2015-12-17 15:02:00

Pope Francis’ address to four new Ambassadors

(Vatican Radio) Pope Francis on Thursday said today’s globalization of indifference is rooted in a distorted or unbalanced humanism in which “man has taken the place of God and therefore has become in turn a victim of various forms of idolatry.” At the same time, he pointed to a positive development, saying we are witnessing from those with more mature consciences a growing “non-violent reaction” to the wars and terrorism that have marked this year. The Pope’s remarks came in an address to the Ambassadors from India, Latvia, Guinea and Bahrain to the Holy See who were presenting their Letters of Credence.

In his discourse, Pope Francis urged the Ambassadors to work together to promote a culture of solidarity in our world that can help counteract the globalization of indifference which, he said, is unfortunately “one of the negative trends of our times”. Whilst recognizing that this attitude of indifference can take many different forms and there are many causes that help to feed it, Pope Francis said its roots can be found in today’s “distorted humanism in which man has taken the place of God.”  As a result of this, he added, “mankind has become in turn a victim of various forms of idolatry.”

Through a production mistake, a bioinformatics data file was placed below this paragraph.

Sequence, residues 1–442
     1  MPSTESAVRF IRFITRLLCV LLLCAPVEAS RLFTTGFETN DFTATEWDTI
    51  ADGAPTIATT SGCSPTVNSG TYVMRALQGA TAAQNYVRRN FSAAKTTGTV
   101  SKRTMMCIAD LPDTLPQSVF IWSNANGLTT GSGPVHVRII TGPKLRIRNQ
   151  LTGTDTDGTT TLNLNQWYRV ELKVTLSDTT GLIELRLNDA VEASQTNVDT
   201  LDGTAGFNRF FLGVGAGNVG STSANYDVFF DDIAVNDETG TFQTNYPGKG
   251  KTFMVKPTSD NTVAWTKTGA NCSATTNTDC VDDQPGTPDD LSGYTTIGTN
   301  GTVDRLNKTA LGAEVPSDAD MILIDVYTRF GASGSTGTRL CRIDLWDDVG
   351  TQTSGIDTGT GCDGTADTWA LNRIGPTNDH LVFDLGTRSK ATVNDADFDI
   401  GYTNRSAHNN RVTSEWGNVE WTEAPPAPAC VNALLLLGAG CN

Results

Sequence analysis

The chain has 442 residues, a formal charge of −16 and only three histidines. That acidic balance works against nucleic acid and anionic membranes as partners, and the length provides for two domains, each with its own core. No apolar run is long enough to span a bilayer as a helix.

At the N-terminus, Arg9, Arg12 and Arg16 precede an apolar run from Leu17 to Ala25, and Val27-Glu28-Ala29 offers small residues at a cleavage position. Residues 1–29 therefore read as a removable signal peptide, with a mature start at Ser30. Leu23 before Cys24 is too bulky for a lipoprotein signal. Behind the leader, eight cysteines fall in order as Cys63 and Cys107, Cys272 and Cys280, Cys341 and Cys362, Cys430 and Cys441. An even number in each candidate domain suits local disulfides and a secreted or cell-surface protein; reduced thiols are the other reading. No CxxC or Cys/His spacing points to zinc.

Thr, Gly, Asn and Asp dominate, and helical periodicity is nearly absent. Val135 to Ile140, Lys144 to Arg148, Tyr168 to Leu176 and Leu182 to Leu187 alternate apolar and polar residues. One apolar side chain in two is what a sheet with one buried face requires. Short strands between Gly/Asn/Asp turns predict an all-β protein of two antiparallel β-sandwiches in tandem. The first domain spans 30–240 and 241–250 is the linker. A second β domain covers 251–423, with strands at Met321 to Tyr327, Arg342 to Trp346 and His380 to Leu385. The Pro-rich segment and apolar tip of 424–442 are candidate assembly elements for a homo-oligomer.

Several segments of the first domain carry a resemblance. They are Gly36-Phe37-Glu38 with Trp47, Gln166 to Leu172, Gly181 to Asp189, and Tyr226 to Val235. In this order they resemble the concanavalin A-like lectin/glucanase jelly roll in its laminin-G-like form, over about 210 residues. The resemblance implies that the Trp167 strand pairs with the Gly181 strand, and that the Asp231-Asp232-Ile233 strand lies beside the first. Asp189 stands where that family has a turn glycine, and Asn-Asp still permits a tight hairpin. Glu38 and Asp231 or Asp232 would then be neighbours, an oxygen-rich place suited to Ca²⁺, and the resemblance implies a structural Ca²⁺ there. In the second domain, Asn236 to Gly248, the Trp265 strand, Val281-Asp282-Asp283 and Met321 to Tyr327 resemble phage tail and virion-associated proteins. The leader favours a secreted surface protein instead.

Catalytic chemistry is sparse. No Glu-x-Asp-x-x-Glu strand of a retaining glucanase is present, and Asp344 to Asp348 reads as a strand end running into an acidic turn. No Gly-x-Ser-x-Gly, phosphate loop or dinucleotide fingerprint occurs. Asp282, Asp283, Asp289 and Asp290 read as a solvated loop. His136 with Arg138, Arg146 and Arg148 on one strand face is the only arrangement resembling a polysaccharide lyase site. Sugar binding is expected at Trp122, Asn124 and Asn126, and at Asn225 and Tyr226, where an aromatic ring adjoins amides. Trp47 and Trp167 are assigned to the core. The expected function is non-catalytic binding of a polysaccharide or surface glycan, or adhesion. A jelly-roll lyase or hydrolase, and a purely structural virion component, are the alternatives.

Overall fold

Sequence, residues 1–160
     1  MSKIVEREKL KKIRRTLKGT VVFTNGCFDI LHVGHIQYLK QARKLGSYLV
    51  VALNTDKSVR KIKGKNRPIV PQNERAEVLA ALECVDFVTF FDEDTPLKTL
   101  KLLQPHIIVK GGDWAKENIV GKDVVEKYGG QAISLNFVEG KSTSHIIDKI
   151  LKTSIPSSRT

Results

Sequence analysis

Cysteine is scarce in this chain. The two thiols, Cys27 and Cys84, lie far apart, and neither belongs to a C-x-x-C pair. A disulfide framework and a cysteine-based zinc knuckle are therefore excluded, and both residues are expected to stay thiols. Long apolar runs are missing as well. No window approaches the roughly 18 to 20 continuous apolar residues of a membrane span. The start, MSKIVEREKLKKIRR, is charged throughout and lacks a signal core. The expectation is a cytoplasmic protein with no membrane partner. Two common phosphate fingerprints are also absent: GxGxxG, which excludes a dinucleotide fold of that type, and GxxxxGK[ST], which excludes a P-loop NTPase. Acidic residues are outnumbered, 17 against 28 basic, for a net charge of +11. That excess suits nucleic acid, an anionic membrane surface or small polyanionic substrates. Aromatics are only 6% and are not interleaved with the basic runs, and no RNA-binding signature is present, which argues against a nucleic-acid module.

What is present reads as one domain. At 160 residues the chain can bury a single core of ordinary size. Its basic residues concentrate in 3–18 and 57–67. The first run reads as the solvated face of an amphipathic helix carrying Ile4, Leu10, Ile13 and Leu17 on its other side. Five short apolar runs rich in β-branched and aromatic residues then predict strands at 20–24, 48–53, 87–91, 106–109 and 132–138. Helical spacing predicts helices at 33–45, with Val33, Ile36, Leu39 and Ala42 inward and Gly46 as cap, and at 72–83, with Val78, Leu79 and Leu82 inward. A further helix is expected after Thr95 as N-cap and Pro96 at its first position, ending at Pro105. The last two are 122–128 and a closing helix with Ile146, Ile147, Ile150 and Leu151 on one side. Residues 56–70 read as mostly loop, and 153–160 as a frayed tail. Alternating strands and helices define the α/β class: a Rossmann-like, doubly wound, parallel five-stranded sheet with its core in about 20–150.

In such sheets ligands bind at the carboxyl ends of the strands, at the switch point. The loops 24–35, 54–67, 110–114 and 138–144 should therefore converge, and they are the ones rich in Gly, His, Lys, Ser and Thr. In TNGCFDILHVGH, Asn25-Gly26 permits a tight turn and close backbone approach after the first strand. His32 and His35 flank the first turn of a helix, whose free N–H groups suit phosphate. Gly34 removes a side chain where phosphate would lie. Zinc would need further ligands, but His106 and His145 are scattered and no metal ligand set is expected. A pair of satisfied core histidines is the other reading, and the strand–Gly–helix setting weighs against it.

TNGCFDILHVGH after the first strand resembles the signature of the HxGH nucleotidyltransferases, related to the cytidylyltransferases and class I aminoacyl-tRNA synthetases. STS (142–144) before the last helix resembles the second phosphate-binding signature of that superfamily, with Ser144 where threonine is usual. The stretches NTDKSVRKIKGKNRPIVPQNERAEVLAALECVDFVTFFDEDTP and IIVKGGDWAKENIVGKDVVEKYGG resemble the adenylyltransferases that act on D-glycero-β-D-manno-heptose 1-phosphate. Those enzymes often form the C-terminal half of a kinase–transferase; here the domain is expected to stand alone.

He went on to say that “indifference towards God, towards our neighbour and towards the environment is inter-linked” and each helps to feed the other.  Saying this indifference can only be counteracted with a response that tackles all three elements, the Pope called for “a renewed humanism that reinstates human beings in their correct relationship with the Creator, with others and with creation.”

In order to achieve this aim, said Pope Francis, we need to promote a culture of solidarity and sharing and this requires the active involvement of political, social, cultural and educational leaders, as well as the mass media that nowadays exert a strong influence on personal and social attitudes. 

Noting that 2015 unfortunately has been marked by a growing number of violent conflicts and terrorist attacks, Pope Francis said there was some good news as this situation was triggering “a growing non-violent reaction” that is spiritual and moral among those with more mature consciences. He said the Catholic Church through its Jubilee of Mercy wishes to encourage this process by spreading throughout the world the spirit of forgiveness and reconciliation.

Listen to this report by Susy Hodges

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